Mumbai: Riding on high yields and an increased passenger load factor, state-owned Air India posted a healthy 46 percent revenue growth last month over the same period last year, airline sources said on Wednesday.
"The yields on domestic sector had significant improvement of 38.5 percent in March as compared to last year. The seat factor during this period also increased nearly 7.9 percent. Consequently, the airline posted a healthy growth in revenue of 46.1 per cent," the sources told said.
On international routes too, the airline put up a good performance, clocking a nearly 33 percent growth in passenger revenue. The higher growth came on the back of an eight percent jump in load factor and higher yields at 28 percent.
"For the quarter ending March this year, the passenger revenue showed an improvement of 36.1 percent, besides a 15.7 and 23 percent rise in seat factor and yields respectively over the same period last year," the sources said.
On a cumulative basis, the revenue for fiscal 2012 posted a growth of 13 percent with load factor of 5.7 percent, they said, adding that the yields were up nearly 10 percent.

Financial restructuring plan for Air India

The results came a week after the government approved the much-awaited turnaround plan and a financial restructuring plan involving a Rs 30,000-crore equity infusion over the next eight years and a debt recast (CDR) of Rs 21,200 crore.
The financial restructuring plan would provide relief to Air India from its debt servicing obligations on working capital loans in the form of a substantial reduction in interest outlays, while giving it the necessary time to improve its operational efficiency.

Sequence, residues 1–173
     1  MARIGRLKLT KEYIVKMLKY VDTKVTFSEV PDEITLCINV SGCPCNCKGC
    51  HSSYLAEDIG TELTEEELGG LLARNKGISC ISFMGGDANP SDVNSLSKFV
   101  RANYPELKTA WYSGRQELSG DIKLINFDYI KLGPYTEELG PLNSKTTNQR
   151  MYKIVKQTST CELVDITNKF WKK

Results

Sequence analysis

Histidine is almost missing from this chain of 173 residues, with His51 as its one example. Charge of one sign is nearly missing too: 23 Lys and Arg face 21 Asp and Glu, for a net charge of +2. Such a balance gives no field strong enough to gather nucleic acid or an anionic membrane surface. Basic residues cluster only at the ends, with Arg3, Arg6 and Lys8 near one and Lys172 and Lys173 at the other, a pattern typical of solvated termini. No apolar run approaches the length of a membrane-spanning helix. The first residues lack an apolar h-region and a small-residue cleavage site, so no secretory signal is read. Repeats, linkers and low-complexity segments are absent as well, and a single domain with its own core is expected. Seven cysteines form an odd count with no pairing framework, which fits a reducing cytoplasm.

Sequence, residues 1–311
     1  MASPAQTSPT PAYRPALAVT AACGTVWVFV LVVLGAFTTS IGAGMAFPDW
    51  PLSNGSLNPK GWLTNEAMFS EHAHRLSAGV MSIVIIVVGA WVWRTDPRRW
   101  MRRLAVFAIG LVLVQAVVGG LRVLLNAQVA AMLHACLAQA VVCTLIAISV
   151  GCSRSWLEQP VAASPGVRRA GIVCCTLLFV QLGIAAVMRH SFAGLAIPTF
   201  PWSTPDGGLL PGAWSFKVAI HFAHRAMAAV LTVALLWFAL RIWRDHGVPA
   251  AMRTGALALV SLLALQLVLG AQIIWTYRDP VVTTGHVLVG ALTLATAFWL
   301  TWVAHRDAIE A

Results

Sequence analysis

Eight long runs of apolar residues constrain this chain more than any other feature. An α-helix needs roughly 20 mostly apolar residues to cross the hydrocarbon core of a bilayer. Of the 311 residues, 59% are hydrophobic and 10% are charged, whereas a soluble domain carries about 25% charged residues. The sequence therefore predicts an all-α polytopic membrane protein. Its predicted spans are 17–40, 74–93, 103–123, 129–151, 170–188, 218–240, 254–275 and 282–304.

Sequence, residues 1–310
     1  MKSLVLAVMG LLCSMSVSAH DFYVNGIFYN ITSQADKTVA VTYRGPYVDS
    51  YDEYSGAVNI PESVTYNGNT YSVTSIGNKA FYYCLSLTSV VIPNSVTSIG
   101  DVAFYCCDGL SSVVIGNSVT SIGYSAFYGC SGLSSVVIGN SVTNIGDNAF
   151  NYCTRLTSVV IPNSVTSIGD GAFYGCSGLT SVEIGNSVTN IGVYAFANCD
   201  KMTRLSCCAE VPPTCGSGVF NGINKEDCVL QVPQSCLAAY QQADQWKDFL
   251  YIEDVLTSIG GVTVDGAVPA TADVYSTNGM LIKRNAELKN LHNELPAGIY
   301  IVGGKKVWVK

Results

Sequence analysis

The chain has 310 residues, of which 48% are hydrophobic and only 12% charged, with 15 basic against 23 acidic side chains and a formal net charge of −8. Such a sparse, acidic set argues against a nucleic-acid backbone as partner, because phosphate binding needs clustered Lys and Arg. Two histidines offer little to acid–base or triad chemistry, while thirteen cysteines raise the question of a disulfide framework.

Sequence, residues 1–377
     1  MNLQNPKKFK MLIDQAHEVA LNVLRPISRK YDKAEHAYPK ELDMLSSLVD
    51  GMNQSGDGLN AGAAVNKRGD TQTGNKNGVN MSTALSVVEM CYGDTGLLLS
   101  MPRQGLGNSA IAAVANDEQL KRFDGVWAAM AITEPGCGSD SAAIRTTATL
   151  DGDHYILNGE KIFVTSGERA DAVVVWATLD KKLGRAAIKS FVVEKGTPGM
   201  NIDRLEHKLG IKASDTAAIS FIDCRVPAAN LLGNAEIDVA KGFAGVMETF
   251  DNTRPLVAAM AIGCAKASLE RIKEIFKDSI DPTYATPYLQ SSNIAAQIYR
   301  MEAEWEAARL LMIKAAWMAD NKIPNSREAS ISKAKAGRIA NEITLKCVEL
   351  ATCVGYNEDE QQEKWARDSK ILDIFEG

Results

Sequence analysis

Air India's current outgo on interest payment to the banks is Rs 2,400 crore, which is expected to come down drastically due to the financial restructuring plan (FRP).
The airline has recently invited application from banks and international financial institutions to raise USD one billion for working capital through the external commercial borrowings route.

The move would enable the debt-ridden carrier to bring down its interest servicing cost of working capital to almost half as the difference between the rupee borrowings and international borrowings is to the extent of 5-6 percent.
Under the FRP, Air India had signed four agreements with the SBI-led 19 bank consortium on March 31 - the master restructuring agreement, the working capital facility agreement, the appointment of facility agent agreement and the appointment of trustee agreement.
The FRP also includes conversion of about Rs 11,000 crore of working capital loans into long-term debts, which would lead to a saving of about Rs 1,000 crore this fiscal itself. Air India has outstanding loans and dues worth Rs 67,520 crore.
The national carrier would issue government-guaranteed non-convertible debentures (NCDs) worth Rs 7,400 crore to its lenders, like financial institutions, banks, LIC and EPFO. The NCDs would be used to repay part of the airline's close to Rs 21,200 crore working capital loans.